The sign—“Smile! You’re on camera”—greeted us at the entrance of our neighborhood’s Good Deal Oriental Foods, but I didn’t need the reminder. The memory of crates of produce on the floor just inside the door had me smiling already. Stalks of sugar cane, stacked like firewood, filled a box next to other fruits, like rambutan, a tropical offering I had often passed by. I would try the prickly-looking food one day, I had told myself too many times. But when I finally decided to buy some, it was gone.
“When will you have rambutan again?” I asked an employee.
“I don’t know,” the girl said. “Next week?”
While we waited, Flicka and I bought the canned variety to sample, along with two of its cousins, lychee and longan. When Good Deal carried the fresh fruit again, I snapped up a package.
Back at home, we scrutinized the rambutan like botanists. The tropical treat was fun to peel, the spikes on its reddish-brown skin were rubbery and not sharp like they appeared, and the delicacy vanished like a box of chocolates in a house full of women.
On another visit to Good Deal, I picked through the produce, plucking a Styrofoam tray of greens—an herb?—swathed in cellophane. Pac Pew, the labeled stated. If it was a kind of basil, I could use some for a recipe. I scanned the area for an employee and spied a woman transferring taro root from a box into a bin.
“Excuse me,” I said, showing her the package of greens. “What is this?”
“Pac Pew,” she said.
“And in English? Is it basil?”
“It’s Pac Pew.” The woman punctuated the words with a bob of her head.
“Hm.” I furrowed my brow. “Thank you.”
I pulled out my phone and searched the name. Nothing. I moved on to a vegetable that looked like a cross between a cucumber and a zucchini. The sticker called it Moap Moap. But again, Google let me down.
While Flicka perused the merchandise in the candy section, I wandered into the meat department. I had read about the silkie chicken, a small five-toed bird with black skin and flesh, known for its rich flavor, and there it was nestled amid other varieties of chicken. Maybe one day I would buy one—and gather tips from my Hmong or Vietnamese neighbors on the best way to prepare it.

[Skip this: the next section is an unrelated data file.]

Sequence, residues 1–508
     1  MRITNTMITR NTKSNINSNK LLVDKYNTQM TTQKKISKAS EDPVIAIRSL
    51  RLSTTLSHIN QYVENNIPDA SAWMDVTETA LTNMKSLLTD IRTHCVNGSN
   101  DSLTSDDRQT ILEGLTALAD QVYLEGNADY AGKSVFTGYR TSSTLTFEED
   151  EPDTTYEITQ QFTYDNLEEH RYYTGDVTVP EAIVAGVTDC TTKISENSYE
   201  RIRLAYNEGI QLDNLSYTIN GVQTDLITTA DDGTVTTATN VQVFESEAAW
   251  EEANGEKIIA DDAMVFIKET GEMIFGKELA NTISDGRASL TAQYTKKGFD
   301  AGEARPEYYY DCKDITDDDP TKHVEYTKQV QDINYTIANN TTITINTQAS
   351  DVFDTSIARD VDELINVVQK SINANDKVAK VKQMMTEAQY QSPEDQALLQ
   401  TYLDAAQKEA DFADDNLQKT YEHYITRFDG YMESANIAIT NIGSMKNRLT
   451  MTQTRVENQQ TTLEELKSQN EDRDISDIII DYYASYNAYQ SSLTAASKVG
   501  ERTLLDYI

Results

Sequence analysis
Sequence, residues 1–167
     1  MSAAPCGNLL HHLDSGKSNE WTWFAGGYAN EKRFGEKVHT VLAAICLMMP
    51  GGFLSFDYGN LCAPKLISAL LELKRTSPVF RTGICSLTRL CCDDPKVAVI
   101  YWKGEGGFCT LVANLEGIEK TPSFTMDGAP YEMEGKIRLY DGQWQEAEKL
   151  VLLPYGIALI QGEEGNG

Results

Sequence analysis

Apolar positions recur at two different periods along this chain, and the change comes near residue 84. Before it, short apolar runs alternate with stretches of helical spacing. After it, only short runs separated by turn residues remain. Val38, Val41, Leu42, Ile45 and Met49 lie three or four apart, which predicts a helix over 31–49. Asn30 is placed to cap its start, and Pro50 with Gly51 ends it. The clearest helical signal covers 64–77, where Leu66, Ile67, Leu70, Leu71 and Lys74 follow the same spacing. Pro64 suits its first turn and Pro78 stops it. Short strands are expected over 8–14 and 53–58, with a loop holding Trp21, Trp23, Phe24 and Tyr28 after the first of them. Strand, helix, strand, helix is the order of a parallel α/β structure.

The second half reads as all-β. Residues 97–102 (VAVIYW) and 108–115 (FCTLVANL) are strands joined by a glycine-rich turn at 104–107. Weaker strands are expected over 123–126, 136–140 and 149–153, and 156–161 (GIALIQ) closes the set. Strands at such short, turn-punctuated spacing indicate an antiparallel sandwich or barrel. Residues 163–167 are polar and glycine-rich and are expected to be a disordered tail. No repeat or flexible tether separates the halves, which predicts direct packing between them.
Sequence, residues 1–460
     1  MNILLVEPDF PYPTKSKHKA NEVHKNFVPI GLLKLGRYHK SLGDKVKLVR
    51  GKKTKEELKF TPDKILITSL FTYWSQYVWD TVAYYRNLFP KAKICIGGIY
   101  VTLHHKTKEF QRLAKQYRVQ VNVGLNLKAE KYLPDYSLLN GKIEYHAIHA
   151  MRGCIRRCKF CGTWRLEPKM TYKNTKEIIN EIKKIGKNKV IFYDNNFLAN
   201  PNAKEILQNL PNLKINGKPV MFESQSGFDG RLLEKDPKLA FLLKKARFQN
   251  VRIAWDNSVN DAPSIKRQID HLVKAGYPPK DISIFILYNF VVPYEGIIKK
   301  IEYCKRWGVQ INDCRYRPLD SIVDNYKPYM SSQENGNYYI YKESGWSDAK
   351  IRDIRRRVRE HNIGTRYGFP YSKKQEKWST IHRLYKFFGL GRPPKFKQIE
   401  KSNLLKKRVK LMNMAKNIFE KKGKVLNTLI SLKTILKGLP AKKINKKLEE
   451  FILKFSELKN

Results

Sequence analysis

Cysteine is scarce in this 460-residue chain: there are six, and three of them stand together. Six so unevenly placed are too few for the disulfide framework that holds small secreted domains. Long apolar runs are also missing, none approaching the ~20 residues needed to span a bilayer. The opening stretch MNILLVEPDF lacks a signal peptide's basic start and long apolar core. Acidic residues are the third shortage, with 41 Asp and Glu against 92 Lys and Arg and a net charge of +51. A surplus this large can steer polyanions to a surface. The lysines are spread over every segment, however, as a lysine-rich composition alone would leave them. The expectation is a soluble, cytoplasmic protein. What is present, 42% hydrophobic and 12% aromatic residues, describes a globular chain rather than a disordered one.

I strolled back to the produce department where Flicka held a young coconut in one hand and a mature one in the other.
“What’s the difference between these two?” she said.
“I suppose we better find out.”
She plunked them into my basket, and I went back for the Pac Pew and Moap Moap. Then I scooped fresh longan into a bag.
At the checkout, a teenage boy—all smiles—rang up our grocery items like it was his favorite game, his dimples playing along.
“The cashier was Handsome,” I said to Flicka when we got back to the car.
She shrugged. “Okay?”
“His name was Handsome, I mean.” I showed her the receipt with the proof.
And Handsome was the perfect conclusion to our otherworldly jaunt within our own neighborhood. Smiles at the beginning of our trip; smiles at the end.
*Photo creds go to Susan Dyrud McDonald.
*Miss an installment of the blog? Or want to catch the story from the beginning? Visit http://www.tamarajorell.com/blog-entries-by-date
*Names in this blog have been changed to protect my family, neighbors, and friends in the neighborhood, and in a nod of appreciation to the beloved Swedish author Maj Lindman, I’ve renamed my three blondies Flicka, Ricka, and Dicka.